Mr. Benson touched his sister, and they left the room together.
"Do you think she will live?" asked he.
"I cannot tell," said Miss Benson, in a softened voice. "But how young she looks! quite a child, poor creature! When will the doctor come, Thurstan? Tell me all about her; you have never told me the particulars."
Mr. Benson might have said she had never cared to hear them before, and had rather avoided the subject; but he was too happy to see this awakening of interest in his sister's warm heart to say anything in the least reproachful. He told her the story as well as he could, and, as he felt it deeply, he told it with heart's eloquence; and as he ended, and looked at her, there were tears in the eyes of both.
"And what does the doctor say?" asked she, after a pause.
"He insists upon quiet; he orders medicines and strong broth. I cannot tell you all; Mrs. Hughes can. She has been so truly good. 'Doing good, hoping for nothing again.'"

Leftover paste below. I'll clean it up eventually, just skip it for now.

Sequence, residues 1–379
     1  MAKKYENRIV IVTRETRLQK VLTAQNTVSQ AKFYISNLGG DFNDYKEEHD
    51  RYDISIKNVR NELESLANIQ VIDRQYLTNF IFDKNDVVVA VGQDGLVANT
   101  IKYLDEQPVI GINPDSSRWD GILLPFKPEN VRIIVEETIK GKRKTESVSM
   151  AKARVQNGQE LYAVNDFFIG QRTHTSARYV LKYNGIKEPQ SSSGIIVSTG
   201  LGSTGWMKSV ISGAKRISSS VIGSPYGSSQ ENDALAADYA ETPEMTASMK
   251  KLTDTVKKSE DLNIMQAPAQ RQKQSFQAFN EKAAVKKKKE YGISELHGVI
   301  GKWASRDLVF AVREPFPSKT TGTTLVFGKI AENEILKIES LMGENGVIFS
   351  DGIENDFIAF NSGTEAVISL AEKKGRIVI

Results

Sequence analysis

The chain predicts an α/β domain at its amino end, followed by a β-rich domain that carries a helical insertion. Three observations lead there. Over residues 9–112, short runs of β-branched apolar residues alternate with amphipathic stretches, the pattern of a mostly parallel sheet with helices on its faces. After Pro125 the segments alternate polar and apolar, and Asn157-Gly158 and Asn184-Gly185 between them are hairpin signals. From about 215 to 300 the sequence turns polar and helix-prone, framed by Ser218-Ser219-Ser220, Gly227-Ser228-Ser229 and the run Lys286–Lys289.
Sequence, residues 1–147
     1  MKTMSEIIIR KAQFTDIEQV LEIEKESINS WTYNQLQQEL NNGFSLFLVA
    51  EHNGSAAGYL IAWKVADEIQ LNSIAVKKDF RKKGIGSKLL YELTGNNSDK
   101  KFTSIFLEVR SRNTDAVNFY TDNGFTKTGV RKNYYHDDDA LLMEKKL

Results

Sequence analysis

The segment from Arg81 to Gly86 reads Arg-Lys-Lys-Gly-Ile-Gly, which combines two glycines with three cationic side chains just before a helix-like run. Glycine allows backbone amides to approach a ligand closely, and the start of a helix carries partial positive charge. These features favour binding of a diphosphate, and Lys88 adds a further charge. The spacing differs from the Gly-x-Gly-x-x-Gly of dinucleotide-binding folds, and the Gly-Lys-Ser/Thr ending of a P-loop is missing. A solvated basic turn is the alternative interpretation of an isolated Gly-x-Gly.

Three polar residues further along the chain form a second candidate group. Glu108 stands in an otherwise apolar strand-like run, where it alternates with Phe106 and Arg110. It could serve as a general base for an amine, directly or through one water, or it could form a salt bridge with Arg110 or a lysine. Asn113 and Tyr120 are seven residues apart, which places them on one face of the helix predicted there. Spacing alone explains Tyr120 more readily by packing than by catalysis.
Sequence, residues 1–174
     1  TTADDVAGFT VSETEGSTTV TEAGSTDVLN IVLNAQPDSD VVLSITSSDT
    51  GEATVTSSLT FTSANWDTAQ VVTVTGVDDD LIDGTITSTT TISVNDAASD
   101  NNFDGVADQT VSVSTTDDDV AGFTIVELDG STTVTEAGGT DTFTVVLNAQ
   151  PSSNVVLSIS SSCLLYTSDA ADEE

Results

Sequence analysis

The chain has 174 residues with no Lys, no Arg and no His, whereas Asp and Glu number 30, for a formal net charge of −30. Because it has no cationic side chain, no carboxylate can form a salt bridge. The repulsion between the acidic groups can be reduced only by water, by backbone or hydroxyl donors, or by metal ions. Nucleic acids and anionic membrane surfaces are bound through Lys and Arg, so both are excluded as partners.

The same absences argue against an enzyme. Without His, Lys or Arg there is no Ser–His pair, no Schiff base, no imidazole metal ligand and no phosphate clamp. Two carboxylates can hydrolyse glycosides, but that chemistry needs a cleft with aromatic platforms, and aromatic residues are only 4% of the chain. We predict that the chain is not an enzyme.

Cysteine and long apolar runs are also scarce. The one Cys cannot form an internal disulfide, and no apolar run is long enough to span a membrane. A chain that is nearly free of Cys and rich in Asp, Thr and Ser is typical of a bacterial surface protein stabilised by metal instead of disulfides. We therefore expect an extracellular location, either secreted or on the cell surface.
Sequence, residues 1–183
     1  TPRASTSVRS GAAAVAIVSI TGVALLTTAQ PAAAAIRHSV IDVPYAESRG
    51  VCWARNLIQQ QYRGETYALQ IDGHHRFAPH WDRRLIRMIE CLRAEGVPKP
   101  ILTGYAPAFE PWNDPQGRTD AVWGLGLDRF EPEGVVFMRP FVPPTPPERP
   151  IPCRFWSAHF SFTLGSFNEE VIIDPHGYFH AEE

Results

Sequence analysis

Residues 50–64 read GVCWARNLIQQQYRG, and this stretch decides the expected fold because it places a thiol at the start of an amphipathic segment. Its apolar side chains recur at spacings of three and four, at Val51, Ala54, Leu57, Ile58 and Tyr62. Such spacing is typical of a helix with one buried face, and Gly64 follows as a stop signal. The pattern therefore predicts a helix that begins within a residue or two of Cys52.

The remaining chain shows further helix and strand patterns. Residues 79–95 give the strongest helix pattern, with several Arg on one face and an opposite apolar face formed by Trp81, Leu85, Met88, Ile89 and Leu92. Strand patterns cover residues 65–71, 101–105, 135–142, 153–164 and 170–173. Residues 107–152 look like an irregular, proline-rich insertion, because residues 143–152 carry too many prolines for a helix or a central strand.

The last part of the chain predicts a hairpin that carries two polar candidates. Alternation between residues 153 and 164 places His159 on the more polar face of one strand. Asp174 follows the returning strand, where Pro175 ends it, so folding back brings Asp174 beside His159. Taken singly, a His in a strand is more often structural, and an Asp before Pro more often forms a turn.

"She looks very sweet and gentle. I shall sit up to night, and watch her myself; and I shall send you and Mrs. Hughes early to bed, for you have both a worn look about you I don't like. Are you sure the effect of that fall has gone off? Do you feel anything of it in your back still? After all, I owe her something for turning back to your help. Are you sure she was going to drown herself?"
"I cannot be sure, for I have not questioned her. She has not been in a state to be questioned; but I have no doubt whatever about it. But you must not think of sitting up after your journey, Faith."